Legal proceedings against five Guantanamo Bay prisoners charged in the Sept. 11, 2001, attack should go forward, a military judge ruled Tuesday, rejecting a bid to put the case on hold until the Pentagon resolves concerns about computer network security.
Army Col. James Pohl said the steps announced by Pentagon officials to address concerns raised by the defense are adequate to keep pretrial hearings moving for the five prisoners charged with orchestrating the terrorist attack.
The defendants are facing trial by military commission at the U.S. base in Cuba on charges that include nearly 3,000 counts of murder, terrorism and hijacking for their alleged roles planning and aiding the worst terrorist attack on U.S. soil. They could face the death penalty if convicted.
Pohl heard three days of testimony in August at Guantanamo Bay about security fears that prompted defense lawyers to stop using government e-mail and servers for confidential legal work. Lawyers said data disappeared, and e-mails went astray or were improperly sent to the prosecution.
The next round of pretrial hearings is scheduled for the week of Oct. 21. A trial date has not been set.
— Associated Press
The Jacksonville International Airport was evacuated Tuesday after police found two suspicious packages and incoming planeloads of passengers were stuck on the tarmac while a bomb squad investigated.
Police found one of the packages in the terminal and another in a nearby parking garage, airport spokesman Michael Stewart said. It wasn’t immediately clear what was in the packages, but the bomb squad from the Jacksonville Sheriff’s Office was still on the scene and investigating late Tuesday night, Stewart said.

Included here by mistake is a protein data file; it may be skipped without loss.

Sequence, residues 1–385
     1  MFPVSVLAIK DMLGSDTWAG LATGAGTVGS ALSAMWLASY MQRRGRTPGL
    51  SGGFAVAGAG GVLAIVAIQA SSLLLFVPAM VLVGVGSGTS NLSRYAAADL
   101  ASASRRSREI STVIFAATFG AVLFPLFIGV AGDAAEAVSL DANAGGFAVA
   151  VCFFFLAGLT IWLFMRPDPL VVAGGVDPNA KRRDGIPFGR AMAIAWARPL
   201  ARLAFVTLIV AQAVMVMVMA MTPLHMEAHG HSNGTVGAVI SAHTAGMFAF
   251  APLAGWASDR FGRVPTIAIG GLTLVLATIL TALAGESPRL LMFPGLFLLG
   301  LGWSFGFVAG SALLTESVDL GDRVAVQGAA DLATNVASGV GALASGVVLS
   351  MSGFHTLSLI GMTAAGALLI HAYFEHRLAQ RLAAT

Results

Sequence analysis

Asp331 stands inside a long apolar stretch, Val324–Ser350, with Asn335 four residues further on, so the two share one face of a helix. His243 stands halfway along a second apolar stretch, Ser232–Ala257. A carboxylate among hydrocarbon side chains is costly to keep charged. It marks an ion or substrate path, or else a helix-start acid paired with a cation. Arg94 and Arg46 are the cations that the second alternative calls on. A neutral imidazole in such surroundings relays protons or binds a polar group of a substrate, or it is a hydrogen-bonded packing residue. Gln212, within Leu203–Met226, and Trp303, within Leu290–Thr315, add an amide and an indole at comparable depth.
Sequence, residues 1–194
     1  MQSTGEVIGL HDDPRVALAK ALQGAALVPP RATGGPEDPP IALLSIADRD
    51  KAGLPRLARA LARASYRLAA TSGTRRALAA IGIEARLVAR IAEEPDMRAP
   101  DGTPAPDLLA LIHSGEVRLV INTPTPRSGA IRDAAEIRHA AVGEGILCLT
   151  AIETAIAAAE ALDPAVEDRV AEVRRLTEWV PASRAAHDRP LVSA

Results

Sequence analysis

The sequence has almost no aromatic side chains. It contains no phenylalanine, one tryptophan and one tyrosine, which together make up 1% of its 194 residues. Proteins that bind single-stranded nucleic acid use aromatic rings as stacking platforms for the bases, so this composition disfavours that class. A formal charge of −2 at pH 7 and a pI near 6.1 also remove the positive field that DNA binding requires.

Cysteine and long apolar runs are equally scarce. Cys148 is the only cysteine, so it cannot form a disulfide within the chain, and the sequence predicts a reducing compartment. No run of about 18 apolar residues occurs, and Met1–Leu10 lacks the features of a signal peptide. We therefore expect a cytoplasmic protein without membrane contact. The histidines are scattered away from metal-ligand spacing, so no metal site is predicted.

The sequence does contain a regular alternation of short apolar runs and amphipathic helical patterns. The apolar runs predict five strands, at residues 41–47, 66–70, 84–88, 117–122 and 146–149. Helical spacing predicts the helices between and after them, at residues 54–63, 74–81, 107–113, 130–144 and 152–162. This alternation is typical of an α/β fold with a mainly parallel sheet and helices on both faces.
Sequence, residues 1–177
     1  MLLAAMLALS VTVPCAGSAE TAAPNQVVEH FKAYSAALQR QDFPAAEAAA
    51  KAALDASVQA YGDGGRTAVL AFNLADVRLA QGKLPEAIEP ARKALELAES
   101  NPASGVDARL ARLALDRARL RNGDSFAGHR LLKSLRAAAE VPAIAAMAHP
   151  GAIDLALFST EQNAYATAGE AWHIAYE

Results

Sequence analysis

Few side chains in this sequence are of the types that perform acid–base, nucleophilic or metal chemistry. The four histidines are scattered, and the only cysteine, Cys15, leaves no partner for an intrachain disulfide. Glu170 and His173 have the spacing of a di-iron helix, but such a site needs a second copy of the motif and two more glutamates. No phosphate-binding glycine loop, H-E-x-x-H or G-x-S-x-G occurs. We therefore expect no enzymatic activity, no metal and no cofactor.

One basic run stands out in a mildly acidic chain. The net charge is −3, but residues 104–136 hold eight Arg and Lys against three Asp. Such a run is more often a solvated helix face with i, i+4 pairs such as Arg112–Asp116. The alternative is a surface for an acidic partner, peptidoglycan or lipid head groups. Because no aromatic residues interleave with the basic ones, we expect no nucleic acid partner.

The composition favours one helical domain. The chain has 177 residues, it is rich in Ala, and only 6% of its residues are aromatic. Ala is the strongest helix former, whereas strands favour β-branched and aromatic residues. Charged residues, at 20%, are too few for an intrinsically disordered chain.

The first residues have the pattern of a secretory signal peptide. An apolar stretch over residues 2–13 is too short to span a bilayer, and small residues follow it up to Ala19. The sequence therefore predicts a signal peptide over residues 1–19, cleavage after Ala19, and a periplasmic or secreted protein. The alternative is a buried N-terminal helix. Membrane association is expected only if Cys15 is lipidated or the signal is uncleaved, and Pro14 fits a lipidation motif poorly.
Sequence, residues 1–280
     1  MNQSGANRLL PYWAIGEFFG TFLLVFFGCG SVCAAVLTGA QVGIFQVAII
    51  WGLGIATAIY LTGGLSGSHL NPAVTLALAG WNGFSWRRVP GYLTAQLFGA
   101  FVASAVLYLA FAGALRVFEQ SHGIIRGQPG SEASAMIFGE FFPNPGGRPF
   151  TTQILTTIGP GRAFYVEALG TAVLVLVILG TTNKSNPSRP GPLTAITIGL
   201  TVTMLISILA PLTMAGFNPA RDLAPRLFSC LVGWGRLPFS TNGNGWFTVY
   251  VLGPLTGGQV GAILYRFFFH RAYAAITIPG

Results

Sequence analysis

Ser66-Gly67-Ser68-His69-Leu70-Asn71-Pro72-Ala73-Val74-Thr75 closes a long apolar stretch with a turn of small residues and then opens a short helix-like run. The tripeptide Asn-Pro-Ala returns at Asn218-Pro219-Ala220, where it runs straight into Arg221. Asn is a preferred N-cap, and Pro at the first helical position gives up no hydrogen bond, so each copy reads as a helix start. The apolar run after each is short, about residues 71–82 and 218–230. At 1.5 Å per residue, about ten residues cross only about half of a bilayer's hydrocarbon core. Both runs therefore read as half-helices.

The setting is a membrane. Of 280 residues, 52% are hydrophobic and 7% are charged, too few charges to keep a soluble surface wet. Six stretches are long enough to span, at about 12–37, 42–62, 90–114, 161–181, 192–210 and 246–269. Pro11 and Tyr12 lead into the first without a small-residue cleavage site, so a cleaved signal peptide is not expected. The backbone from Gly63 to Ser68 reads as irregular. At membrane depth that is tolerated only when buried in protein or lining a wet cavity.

“It was determined that because of the seriousness of the situation that they would evacuate the terminal,” Stewart said.
Jacksonville police blocked the entrance to the airport. No flights were allowed to depart.
A federal appeals court in Atlanta has cleared the way for the Navy to build a $100 million undersea training range off Georgia and Florida.
The Southern Environmental Law Center, which represents about a dozen conservation groups, had challenged the Navy’s plans, saying war games in that area would pose a risk to right whales, which migrate each winter to the coasts of Georgia and Florida to give birth. Experts say that only about 400 of the whales remain, and that each death brings the species a significant step closer to extinction.
The U.S. Court of Appeals for the 11th Circuit issued an opinion Tuesday upholding a lower court ruling that said the Navy had appropriately studied whether the location of the range posed a risk to whales. The three-judge panel also agreed that further studies to determine whether certain activities on the range might be harmful to endangered animals could be completed later.
— Associated Press
Power was restored to most of the University of California at Berkeley on Tuesday as officials confirmed that the theft of copper cables from a substation caused a campuswide outage that preceded an explosion and evacuation.
The blast occurred Monday night in an underground utility vault outside a building that houses the chancellor’s office. It came as crews were trying to get the electrical system back up following an outage that darkened the campus for several hours.
Investigators have since traced the loss of power to a secluded access point away from the main campus that was damaged last week when someone tried to remove copper grounding cables, a university spokesman said.
A female student was treated at a hospital for minor burns, and three other people who were burned declined treatment. Eleven buildings remained without power. More than 100 classes were canceled.
— Associated Press